I’m always game for two things that most people deeply dislike: I’m willing to listen to and interpret your dreams, and I will always talk to religious proselytizers, whether they come to my door or stop me in the street. However, yesterday while innocently walking to my local pool, I happened across a pair of alarmingly assertive Mormons. They wore matching fleece jackets and carried Bibles and of course, the compulsory religious tracts. They were heartbreakingly young and seemed a bit desperate. I made the mistake of telling them (since they asked) that no, I don’t literally believe that Jesus is the son of God, however, I can get behind most of the general principles he espoused. Their eyes lit up with a glassy fervor, and they immediately demanded my phone number, which I declined to provide. Then, one of them jotted down the address of their church, informed me that they were having services at 1:00 p.m., and stated confidently that he would “see me there”. I felt like I was this close to being hog-tied and thrown into the back of windowless van. I escaped unscathed, but burdened with a 30-page pamphlet about the Holy Scriptures.
The reason that I always take time to talk to religious people is because one, I feel bad for them, especially if they are peddling their spiritual wares in my neighborhood, which is notoriously liberal and atheist-leaning. I’m sure they get doors slammed in their faces constantly, which they humbly accept as part of the burden of being a good Christian and sharing the Word of Our Lord. Secondly, it’s no skin off my back. I’m not one those rabid anti-religious atheist types who get enraged by the very idea that someone wants to talk to me about God. If you are that motivated to talk about God with a total stranger, then bring it. Let’s talk about God. It doesn’t hurt me any, and it’s an excuse to connect to another human being with a different viewpoint. Lord knows, we could all use a little more of that these days. But if these encounters are going to start getting weirdly assailing, I may need to revise my policy.
Speaking of dreams, I was recently browsing my “dream journal”—essentially just a Notepad list where I write down any dreams I happen to remember and/or find interesting or significant. I’ve come to the disappointing conclusion that my unconscious does not cleverly share mysterious wisdom cloaked in highly-structured, symbolic riddles. It’s more like an irrational, babbling toddler with a mental disorder. Here are some choice snippets:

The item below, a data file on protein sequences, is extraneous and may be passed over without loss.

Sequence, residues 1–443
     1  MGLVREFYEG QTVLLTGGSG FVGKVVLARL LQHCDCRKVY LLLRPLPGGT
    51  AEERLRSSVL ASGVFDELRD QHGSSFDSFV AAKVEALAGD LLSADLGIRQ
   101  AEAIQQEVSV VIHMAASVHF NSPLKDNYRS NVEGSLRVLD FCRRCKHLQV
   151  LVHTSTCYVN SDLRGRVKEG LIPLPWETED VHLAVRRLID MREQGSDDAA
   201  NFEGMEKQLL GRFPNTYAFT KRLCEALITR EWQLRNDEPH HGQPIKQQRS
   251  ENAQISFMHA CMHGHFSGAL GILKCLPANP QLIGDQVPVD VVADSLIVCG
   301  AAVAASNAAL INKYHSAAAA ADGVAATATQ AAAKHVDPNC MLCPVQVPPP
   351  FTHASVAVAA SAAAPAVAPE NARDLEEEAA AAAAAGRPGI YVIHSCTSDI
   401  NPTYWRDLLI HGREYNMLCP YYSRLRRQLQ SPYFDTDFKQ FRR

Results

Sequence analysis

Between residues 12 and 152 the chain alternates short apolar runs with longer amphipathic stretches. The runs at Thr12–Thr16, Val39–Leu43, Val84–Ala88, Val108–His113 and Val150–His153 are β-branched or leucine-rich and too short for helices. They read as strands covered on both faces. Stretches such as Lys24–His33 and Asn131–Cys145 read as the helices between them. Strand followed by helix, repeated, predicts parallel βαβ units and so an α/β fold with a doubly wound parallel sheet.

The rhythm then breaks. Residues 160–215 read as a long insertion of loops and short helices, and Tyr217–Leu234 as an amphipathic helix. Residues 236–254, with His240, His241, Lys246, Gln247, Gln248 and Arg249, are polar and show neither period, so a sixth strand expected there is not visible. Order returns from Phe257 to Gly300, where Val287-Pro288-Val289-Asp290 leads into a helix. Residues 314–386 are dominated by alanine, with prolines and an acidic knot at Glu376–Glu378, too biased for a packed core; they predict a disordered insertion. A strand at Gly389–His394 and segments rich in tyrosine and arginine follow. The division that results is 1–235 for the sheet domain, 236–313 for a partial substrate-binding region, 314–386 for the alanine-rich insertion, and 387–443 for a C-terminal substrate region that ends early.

I was at the beach and an angry pigeon with a purple beak stole my debit card.
I was making numerous attempts to fish in nearby lakes and streams, but I was being stymied by a hairy, dog-like creature (kind of a combination of a mole and a dog) who was going into the water ahead of me and scaring off all of the fish.
Donald Trump sent out a caring tweet about me.
Donald Trump had a stroke and my boss at work was the first responder.
A salamander was licking my face, being very affectionate.
An octopus had a message for me, but I can’t remember what it was.
Got foot stuck in a barbed wire fence. The harder I struggled, the tighter it got wrapped in the wire. Spider, goat.
I was taking a class in fashion design and the instructor insisted that all of our drawings needed to be in shades of green. I kept trying to change my fashion plates from peach to green, but they kept going back to the color peach, to my great frustration, as I was on a deadline.
I was looking at apartments in a very swanky building, at least from the outside. Inside, all of the units were absurdly tiny and cramped. The leaser tried to convince me that the pool locker room would be a good place to rent out as an apartment, but said I couldn't be there during peak hours.
There you go--the unconscious of this humble typist stripped bare in all of its lurid glory. Make of it what you will, but, as the Bible says, do not judge lest ye be judged.